The Attractiveness of Colombian Bonds
Often when global investors think about high yielding Latam debt, Brazil is the first country to come to mind. And for good reason. Brazil’s local currency debt offers among the highest yields in the world. On a 2-year local currency bond, Brazil pays a little more than 12%.
Colombia has the same credit rating as Brazil at BBB- by S&P. Its 2-year yield is 5%. However, the Colombian peso is the strongest Latam currency this year, gaining 7.4% against the dollar. By comparison the Brazilian real is off 2.6% year-to-date. That suggest that on a total return basis two returns are roughly comparable.
Volume data is difficult to ascertain, but anecdotal evidence would suggest Brazil is a crowded trade. In addition the finance ministry in Brazil recently warned the market that the government has tools to limit the currency’s strength. In contrast, the Colombian central bank has been buying $20 mln a day since March and has confirmed that the program will end this month.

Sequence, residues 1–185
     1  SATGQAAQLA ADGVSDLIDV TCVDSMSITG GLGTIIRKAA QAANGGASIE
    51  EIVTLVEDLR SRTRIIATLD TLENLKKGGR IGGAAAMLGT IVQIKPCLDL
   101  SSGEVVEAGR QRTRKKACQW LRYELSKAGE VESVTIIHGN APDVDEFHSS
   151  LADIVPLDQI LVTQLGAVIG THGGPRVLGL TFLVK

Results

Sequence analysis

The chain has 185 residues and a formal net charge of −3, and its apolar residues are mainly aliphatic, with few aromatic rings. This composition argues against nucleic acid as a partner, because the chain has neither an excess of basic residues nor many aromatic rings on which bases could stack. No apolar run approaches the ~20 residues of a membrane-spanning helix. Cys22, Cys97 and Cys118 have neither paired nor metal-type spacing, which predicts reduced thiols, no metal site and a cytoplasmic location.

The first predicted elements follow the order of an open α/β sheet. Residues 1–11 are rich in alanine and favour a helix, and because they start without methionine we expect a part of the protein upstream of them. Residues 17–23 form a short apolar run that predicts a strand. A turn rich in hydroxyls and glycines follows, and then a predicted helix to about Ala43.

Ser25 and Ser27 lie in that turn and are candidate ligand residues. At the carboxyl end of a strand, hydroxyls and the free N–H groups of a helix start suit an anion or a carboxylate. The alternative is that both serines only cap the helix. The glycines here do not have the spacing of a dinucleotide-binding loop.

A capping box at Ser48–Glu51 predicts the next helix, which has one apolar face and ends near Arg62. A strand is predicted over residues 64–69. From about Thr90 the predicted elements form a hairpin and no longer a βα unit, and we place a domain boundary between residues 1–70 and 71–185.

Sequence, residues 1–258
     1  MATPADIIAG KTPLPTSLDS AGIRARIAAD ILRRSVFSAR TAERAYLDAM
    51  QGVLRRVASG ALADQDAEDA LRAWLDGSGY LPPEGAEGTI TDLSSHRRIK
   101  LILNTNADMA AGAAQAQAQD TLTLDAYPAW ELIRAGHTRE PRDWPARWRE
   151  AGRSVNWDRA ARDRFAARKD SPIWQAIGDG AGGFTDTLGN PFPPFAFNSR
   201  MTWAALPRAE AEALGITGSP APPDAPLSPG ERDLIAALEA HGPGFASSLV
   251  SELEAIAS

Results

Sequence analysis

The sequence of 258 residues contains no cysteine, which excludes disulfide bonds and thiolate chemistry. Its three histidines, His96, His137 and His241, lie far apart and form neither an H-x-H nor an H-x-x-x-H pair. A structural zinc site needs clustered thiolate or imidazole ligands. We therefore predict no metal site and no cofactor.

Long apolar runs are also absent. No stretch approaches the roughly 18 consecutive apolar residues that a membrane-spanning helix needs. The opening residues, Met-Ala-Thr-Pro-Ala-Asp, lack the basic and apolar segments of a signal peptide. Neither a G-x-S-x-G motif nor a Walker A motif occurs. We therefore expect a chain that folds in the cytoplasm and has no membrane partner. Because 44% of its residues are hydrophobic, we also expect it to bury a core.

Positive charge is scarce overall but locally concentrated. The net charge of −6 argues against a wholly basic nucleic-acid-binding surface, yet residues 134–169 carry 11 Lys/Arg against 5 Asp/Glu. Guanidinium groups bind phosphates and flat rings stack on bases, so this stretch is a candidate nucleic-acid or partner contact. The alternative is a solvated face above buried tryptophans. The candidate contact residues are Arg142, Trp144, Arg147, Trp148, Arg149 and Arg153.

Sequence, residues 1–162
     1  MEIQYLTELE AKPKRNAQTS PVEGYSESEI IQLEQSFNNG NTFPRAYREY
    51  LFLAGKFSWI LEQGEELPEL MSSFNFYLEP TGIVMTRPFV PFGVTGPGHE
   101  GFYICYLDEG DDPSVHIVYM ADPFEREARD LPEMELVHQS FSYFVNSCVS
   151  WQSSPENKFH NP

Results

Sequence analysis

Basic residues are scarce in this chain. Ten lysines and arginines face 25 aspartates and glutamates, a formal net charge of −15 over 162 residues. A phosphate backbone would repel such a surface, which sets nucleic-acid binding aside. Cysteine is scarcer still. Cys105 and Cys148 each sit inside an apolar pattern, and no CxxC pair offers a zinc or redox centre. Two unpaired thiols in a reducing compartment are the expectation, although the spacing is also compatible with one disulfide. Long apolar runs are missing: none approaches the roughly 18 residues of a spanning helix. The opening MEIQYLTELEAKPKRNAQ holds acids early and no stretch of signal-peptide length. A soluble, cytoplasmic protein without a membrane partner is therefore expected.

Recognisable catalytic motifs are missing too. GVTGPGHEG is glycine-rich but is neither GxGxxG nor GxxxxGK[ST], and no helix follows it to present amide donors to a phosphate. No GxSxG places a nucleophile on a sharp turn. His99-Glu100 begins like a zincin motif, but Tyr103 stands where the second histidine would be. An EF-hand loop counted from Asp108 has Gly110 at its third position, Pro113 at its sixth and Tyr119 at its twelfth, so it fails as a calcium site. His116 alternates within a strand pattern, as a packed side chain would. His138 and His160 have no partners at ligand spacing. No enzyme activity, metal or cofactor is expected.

Colombia has a new government, led by former Defense Minister Santos. He was elected with nearly 70% of the vote so he has a strong mandate. The economy is expected to grow around 3% this year and 4% next year. Direct investment inflows are robust. The equity market is up about 7.7% this year, while the Brazil’s Bovespa is off about 5.6%.
Brazil’s national election is later this year and recent polls show Lula’s hand picked successor Dilma Rousseff has closed the initial gap with the opposition’s Serra, though the official campaign does not begin until next month. The political uncertainty would seem greater in Brazil than in Colombia, even though the difference between the candidates may be modest.
The risk of local currency investment in Colombia immediately is that the currency has rallied since early May and there is scope for a near-term correction that could see the dollar rise toward COP1930-50 from the current COP1900 area. Earlier this week the dollar tested its lows for the year near COP1878.